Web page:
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Diarrhea and increased appetite.

Species: Cat
Breed: Grey and White
Age: 6-12 months
We found a cat that we have decided to keep. We have had all his shots, Neutered and had him tested with worms and treated. We have had him on antibiotics because of excessive diareha and blood in stool. After that did not work, he was given a shot of penicillin and it subsided. He is back to Excessive eating and drinking with excessive use of the litter box. He again started with minimal blood in his stool every so often. He now also has quite a bit of bumps on his chin that are itchy.
We have invested over $900.00 on him and don't know what to do.


Online vet, Dr. Marie

Dr. Marie replied:

Sorry to hear that this little guy is not doing well. Diarrhea in cats is often a very tough thing to figure out. I won't have an exact answer for you but I can give you some ideas.

If he is eating lots and drinking lots I worry a bit about diabetes. There are not many things that cause an excessive thirst and urination in young cats, but diabetes certainly is a possibility. This can cause all sorts of problems with the immune system. Diabetes is treatable, but almost always needs insulin injections. Some cats who get treated with insulin can revert to become non-diabetic after some time. If he has not had blood tests done, then it is worthwhile to ask your vet to run a general blood panel on him to determine if diabetes is a possibility.

A kidney problem can cause an excess of thirst and urination as well but doesn't usually cause an increase in appetite. A kidney problem would show up on blood tests. Kidney problems are not common in young cats unless they have something like feline leukemia virus or have gotten into something toxic. But, if Beau had eaten something toxic he would be very sick.

There could be an immune system problem that is causing problems with the intestines absorbing food properly. Sometimes cats with autoimmune problems will have multiple immune system issues. The bumps on the chin could be related to this as well. If this was my case and I had ruled out other medical conditions then I might consider putting him on some steroids to see if this helps. If he does have a chronic immune system problem then a very small dose of steroids given regularly might be effective.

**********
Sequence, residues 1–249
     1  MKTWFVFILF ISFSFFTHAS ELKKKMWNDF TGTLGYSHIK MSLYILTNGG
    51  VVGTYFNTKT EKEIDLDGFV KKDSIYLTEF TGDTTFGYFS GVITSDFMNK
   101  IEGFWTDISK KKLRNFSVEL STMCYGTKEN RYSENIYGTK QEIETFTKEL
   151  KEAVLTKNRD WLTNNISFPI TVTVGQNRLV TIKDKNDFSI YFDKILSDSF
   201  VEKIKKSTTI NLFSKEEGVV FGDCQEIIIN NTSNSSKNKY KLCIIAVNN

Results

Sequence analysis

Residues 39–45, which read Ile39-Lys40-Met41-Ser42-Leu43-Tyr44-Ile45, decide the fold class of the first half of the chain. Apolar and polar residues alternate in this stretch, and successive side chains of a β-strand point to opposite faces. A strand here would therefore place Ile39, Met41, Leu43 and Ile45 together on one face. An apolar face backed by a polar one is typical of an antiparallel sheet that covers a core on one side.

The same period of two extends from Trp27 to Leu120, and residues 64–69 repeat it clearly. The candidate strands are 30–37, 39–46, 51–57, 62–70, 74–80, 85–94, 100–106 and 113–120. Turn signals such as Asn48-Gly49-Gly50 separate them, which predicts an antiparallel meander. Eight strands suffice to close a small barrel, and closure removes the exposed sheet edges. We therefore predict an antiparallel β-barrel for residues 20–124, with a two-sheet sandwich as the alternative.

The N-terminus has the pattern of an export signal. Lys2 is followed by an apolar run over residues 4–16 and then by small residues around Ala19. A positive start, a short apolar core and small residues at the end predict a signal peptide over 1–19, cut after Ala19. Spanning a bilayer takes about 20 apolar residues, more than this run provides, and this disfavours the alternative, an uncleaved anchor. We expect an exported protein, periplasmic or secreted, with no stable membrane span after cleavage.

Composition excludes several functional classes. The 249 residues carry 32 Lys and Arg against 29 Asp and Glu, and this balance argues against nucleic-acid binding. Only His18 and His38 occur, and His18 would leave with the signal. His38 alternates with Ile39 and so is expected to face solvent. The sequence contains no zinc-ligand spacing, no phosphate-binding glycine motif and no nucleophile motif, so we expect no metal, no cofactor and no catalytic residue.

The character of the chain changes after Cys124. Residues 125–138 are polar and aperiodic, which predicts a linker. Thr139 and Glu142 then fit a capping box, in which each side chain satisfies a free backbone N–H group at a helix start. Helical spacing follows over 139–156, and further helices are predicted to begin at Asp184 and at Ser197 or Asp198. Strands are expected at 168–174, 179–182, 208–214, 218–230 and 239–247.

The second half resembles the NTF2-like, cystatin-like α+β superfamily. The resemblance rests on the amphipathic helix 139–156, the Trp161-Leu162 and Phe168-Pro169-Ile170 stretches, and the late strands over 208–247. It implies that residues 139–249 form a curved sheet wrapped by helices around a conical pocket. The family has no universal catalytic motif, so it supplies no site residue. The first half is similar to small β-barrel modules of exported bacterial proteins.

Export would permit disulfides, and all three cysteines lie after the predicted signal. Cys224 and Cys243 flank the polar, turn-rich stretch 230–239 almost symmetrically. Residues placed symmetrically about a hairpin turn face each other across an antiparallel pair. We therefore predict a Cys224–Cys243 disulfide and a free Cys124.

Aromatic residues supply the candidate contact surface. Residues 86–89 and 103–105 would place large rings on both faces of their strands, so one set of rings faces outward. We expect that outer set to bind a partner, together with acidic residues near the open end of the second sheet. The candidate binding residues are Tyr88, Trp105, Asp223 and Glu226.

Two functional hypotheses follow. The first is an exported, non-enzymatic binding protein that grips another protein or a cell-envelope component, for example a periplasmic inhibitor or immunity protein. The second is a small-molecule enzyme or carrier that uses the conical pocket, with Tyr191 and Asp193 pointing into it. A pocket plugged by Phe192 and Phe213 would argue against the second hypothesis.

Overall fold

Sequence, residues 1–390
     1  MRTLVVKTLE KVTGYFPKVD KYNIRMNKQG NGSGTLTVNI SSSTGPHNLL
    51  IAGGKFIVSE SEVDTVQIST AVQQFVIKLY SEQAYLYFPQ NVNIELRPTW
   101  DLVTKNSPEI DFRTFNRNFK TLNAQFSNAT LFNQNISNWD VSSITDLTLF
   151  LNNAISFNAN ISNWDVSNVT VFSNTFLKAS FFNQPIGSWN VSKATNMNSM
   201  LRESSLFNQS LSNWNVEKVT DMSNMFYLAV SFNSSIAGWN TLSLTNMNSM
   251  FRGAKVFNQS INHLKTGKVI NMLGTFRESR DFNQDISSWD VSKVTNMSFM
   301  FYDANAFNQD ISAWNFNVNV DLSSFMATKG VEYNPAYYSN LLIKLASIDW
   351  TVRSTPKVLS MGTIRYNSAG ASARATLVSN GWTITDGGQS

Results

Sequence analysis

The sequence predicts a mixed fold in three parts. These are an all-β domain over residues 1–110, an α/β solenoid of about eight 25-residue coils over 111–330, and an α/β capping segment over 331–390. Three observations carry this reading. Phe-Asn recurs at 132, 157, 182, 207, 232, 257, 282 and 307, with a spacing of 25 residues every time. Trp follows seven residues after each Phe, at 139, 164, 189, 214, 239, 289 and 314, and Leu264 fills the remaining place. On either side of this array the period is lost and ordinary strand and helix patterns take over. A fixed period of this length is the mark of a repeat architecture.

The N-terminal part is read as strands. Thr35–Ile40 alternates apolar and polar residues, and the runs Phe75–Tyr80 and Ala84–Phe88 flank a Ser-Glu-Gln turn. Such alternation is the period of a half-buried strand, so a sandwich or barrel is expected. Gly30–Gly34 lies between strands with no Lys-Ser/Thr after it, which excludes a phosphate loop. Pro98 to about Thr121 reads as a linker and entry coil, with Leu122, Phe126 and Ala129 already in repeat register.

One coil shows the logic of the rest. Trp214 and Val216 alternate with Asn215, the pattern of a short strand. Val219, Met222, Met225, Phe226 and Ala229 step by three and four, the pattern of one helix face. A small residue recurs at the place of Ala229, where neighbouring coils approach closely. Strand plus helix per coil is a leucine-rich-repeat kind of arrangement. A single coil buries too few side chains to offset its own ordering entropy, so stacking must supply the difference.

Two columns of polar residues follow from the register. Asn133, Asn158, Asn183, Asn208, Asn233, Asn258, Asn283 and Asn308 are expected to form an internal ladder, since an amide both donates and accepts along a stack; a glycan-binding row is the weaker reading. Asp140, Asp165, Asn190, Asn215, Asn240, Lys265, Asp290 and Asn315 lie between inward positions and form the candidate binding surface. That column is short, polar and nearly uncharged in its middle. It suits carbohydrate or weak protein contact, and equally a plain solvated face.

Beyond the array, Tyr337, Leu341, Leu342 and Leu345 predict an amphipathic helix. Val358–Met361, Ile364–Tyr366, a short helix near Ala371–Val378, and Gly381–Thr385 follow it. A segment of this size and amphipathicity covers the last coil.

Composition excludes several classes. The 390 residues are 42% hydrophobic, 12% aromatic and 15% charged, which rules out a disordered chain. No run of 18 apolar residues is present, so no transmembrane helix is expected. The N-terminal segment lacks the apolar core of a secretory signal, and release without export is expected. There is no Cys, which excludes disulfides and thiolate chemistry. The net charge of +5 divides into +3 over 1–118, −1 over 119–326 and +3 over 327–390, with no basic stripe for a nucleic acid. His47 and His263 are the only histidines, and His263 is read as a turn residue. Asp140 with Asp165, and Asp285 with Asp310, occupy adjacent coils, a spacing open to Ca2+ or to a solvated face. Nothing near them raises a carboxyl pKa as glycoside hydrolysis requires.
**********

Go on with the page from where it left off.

The other concern that I have any time a young cat has diarrhea is a condition called FIP. FIP is very serious and there is no cure for it. It can cause diarrhea, and other issues. There is no direct test for FIP. Often there can be clues on the general blood profile. There are other tests that can give clues as well. It's worthwhile to ask your vet if FIP is a possibility but hopefully this is not it.

It may also be a good idea to have your vet do additional tests to look for unusual parasites although this would be lower on my list of possibilities.

I wish I had an exact answer for you as I know this type of problem is very frustrating.

Dr. Marie.



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Disclaimer: Although Dr. Marie is a qualified veterinarian, the information found on this site is not meant to replace the advice of your own veterinarian. AskAVetQuestion.com and Dr. Marie do not accept any responsibility for any loss, damage, injury, death, or disease which may arise from reliance on information contained on this site. Do not use information found on this site for diagnosing or treating your pet. Anything you read here is for information only.

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Dr. MarieDr. Marie is a veterinarian who practices in a busy animal hospital in Ottawa, Ontario. She created Ask A Vet Question as a resource for good, accurate veterinary advice online. Dr. Marie treats dogs, cats, hamsters, guinea pigs, and rats. She has been a vet since 1999.

Is an online vet visit just as good as a trip to your veterinarian? No! But, many times, asking an online veterinarian a question can help save you money. While Dr. Marie can't officially diagnose your pet or prescribe medications, she can often advise you on whether a vet visit is necessary. You can also ask Dr. Marie for a second opinion on your pet's condition.